Thursday, December 09, 2010

Bitesize Best Actress Oscar Profiles: Grace Moore

Grace Moore in "One Night of Love"
Lost the 1934 Best Actress Oscar to Claudette Colbert in "It Happened One Night"

Grade: **

Grace Moore is, on the face of it, a sprightly amalgam of Norma Shearer and Irene Dunne; if not quite as naturally magnetic a presence as either, soundly aware of how to work the screen and sexualise a role without coming across as a one-track maneater. The first shot of Moore's character, Mary, is an illuminated view from below a window, as she voices the film's title track with the operatic bravado of a musical Goddess. As it turns out, Mary's assured pipes are a fledgling, untamed beast, as she participates in and fails to win a talent competition, much to the chagrin of her parents. When she eventually decides to take the plunge and travel to Italy, she falls in love with renowned musical composer Giulio Monteverdi, who helps her develop a singing career.

As a production, "One Night of Love" evolves from a bit of harmless artistry, to a tempestuous battle over pride and power between two rashly-compartmentalised characters, but is nonetheless entertaining enough to make us care about these characters, despite their many misgivings. The problem for Moore is that the soapy levels of petulance in the script limit her performance to a bit of a flailing sideshow, too obviously facetious and throwaway in framing Mary's frustration towards her dictatorial singing coach and would-be lover. Her defiance of him feels too playful when one considers the more formally romantic inclinations of the final act, and the thoughtful, sterner approach of co-lead Carminati does little to disguise Moore's misjudgements.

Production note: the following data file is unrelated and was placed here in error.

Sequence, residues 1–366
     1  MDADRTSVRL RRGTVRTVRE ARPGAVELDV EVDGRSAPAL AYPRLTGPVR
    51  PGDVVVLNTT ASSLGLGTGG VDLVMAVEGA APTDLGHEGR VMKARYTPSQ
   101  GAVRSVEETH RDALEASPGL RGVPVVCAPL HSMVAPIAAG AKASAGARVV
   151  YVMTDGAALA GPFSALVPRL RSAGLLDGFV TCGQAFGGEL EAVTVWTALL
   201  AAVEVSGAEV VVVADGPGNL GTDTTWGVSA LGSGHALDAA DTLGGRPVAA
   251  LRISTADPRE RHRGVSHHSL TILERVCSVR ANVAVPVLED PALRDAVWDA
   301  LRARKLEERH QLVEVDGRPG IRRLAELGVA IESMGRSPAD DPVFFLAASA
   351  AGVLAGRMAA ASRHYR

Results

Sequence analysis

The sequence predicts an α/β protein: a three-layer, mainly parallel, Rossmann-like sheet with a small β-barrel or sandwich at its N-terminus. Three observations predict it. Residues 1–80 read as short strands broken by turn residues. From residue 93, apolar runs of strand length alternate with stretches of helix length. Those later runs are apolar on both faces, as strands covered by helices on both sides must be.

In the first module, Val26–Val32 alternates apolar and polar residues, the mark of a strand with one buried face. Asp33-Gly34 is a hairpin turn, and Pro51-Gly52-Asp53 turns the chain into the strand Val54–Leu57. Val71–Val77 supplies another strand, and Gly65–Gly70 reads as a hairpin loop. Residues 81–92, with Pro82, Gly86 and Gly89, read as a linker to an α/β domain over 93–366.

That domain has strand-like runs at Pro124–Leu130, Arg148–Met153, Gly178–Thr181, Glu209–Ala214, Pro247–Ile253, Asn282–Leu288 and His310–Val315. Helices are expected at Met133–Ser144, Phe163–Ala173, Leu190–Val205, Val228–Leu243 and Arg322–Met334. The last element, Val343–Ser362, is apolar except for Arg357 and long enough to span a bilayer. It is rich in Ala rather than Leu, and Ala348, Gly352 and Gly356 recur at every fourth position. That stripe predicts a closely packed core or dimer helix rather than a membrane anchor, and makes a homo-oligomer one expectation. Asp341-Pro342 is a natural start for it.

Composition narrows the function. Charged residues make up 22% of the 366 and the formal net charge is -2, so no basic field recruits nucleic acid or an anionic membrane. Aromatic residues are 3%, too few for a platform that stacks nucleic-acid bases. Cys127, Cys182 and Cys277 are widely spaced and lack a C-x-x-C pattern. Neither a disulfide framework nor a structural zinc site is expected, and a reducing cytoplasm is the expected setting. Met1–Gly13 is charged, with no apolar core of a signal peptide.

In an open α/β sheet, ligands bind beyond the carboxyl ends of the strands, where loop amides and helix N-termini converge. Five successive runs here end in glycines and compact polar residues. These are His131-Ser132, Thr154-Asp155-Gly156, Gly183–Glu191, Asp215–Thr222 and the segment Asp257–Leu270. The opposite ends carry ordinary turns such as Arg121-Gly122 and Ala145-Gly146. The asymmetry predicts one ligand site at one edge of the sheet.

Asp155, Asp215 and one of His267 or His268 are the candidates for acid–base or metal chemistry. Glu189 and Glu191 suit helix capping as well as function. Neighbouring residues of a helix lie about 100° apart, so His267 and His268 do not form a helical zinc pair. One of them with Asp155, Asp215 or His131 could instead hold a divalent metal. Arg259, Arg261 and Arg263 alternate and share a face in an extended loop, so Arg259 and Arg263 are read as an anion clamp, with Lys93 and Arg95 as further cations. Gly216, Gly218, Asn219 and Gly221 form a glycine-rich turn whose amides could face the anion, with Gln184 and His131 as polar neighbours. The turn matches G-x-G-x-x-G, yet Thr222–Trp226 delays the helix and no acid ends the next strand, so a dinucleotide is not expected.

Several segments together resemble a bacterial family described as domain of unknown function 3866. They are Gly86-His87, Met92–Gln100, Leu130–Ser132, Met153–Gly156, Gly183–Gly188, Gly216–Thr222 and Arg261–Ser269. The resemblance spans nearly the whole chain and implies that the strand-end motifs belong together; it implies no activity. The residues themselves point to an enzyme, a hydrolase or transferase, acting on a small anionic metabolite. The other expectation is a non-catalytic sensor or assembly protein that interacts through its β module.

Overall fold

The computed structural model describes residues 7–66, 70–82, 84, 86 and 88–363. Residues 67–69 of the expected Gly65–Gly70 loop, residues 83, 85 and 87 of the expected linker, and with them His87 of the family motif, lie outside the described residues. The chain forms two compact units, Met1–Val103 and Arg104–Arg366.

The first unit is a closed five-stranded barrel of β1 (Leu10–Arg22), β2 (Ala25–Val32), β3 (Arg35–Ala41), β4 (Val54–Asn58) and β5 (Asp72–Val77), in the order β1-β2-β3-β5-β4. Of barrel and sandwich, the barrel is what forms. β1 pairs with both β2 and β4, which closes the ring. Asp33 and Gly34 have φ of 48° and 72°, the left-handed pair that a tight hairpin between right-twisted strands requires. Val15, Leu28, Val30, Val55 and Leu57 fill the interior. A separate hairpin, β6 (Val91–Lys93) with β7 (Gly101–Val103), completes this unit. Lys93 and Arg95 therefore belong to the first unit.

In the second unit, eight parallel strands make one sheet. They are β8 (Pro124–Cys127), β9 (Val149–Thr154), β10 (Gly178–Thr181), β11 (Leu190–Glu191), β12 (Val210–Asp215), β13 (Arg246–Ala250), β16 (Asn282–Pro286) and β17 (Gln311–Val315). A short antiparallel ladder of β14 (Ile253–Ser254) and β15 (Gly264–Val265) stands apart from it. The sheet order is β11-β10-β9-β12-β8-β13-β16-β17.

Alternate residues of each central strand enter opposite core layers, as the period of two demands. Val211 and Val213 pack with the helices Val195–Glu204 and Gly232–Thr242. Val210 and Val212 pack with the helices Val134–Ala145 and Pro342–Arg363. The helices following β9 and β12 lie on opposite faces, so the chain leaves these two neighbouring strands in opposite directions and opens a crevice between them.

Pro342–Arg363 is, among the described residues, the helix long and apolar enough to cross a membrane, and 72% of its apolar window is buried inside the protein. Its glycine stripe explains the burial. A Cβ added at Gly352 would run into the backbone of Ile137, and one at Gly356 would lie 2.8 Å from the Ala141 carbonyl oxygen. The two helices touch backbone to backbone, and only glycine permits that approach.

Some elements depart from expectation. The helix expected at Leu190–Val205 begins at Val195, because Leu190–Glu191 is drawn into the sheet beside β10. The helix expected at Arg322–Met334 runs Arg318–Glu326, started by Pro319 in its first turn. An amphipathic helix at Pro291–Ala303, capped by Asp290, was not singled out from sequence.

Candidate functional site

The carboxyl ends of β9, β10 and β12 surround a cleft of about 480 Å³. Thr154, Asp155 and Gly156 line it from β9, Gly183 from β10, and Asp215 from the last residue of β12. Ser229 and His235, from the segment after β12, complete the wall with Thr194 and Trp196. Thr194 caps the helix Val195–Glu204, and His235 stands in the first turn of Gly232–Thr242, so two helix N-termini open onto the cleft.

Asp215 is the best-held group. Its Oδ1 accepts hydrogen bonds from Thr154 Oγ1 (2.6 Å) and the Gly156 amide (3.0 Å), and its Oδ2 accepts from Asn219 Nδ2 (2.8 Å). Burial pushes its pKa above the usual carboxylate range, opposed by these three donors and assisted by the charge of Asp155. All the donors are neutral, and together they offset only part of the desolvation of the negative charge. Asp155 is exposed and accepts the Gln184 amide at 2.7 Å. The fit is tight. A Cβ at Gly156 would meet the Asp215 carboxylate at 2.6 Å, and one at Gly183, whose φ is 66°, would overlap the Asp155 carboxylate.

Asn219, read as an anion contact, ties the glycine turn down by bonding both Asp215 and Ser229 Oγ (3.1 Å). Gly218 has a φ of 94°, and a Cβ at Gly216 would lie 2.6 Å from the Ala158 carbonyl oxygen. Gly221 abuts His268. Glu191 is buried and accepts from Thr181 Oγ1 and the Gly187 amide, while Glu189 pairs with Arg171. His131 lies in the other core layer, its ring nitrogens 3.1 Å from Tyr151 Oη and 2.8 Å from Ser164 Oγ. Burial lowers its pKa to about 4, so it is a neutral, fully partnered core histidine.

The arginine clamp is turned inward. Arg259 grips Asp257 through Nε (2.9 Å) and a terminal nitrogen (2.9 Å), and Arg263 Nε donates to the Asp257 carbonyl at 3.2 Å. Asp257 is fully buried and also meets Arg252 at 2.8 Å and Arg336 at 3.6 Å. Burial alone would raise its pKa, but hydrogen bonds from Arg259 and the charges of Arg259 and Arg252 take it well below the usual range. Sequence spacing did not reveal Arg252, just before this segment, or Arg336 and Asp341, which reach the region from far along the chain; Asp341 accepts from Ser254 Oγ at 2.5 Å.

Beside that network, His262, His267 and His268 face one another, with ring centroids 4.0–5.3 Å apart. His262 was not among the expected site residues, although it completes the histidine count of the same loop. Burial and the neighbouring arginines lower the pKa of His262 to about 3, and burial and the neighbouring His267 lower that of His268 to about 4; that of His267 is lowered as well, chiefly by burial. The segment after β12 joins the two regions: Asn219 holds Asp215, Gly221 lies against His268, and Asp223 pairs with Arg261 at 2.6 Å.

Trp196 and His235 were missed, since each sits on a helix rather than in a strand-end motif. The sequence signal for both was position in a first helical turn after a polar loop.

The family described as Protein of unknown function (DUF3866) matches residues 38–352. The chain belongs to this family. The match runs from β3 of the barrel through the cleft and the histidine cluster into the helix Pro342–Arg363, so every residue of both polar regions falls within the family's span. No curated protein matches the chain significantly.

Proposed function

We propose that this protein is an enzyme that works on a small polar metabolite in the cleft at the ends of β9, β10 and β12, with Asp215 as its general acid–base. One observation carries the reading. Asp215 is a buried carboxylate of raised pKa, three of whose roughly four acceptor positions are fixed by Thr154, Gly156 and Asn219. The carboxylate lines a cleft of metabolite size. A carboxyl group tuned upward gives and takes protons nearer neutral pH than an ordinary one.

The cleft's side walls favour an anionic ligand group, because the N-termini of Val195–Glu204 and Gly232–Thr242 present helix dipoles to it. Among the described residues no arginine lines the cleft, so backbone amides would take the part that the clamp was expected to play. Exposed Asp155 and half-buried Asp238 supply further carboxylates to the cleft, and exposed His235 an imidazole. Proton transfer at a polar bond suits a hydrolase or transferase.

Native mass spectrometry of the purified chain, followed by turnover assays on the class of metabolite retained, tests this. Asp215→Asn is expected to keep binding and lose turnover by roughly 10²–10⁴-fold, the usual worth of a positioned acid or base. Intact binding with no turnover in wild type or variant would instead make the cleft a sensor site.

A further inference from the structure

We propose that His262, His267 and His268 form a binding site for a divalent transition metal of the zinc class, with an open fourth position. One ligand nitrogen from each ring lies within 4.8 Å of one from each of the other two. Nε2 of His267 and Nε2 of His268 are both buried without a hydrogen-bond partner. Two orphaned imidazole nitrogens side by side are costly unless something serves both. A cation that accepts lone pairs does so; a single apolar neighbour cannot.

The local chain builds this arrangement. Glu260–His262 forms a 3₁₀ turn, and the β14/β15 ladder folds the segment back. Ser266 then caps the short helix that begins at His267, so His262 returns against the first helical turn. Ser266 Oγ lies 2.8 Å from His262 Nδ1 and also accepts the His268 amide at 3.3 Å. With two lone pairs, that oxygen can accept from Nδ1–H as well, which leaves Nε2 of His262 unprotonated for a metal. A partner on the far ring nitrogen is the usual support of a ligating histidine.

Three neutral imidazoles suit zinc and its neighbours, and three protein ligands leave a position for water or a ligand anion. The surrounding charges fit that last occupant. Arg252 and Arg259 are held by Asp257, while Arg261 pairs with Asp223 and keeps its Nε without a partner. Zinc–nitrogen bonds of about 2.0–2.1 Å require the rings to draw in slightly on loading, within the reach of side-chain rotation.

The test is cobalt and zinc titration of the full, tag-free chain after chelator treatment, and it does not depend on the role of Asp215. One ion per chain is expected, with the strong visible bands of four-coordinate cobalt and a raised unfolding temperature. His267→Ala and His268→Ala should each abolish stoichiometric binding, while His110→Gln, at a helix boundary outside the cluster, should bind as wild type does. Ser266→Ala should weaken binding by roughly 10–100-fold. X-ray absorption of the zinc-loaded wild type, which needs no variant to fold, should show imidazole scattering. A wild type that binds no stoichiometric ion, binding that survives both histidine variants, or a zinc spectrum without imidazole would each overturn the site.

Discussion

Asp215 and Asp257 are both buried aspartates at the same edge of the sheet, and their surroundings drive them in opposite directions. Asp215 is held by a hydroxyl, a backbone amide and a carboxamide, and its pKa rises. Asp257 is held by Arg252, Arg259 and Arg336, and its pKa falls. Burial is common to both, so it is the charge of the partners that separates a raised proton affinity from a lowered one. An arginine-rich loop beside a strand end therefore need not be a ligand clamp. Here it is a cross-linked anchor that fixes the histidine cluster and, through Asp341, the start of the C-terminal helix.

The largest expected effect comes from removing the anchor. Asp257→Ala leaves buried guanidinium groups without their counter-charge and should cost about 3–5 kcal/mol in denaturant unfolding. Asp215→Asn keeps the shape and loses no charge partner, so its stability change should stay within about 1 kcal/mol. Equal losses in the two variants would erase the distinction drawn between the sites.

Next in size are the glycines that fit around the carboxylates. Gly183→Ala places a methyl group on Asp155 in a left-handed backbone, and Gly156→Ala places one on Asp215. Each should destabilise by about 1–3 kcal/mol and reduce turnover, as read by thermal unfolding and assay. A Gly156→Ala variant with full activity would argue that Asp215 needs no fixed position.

She does, however, manage to channel Mary's inherent sense of performance, both in her stage scenes (well-positioned within the film), and in trying to orchestrate a finality in her relationship with Giulio. Their live-in arrangement is largely an unspoken affair, and Moore ably demonstrates Mary's inability to deal with the lover-pupil duality of their romance. Is she "performing" to make him act one way or the other? To an extent, certainly, but as eminently watchable and thoughtful an Actress as she appears to be, Moore is too susceptible to the trials of her character, and doesn't quite give Mary credit enough. A high-end two stars, but two stars nonetheless.

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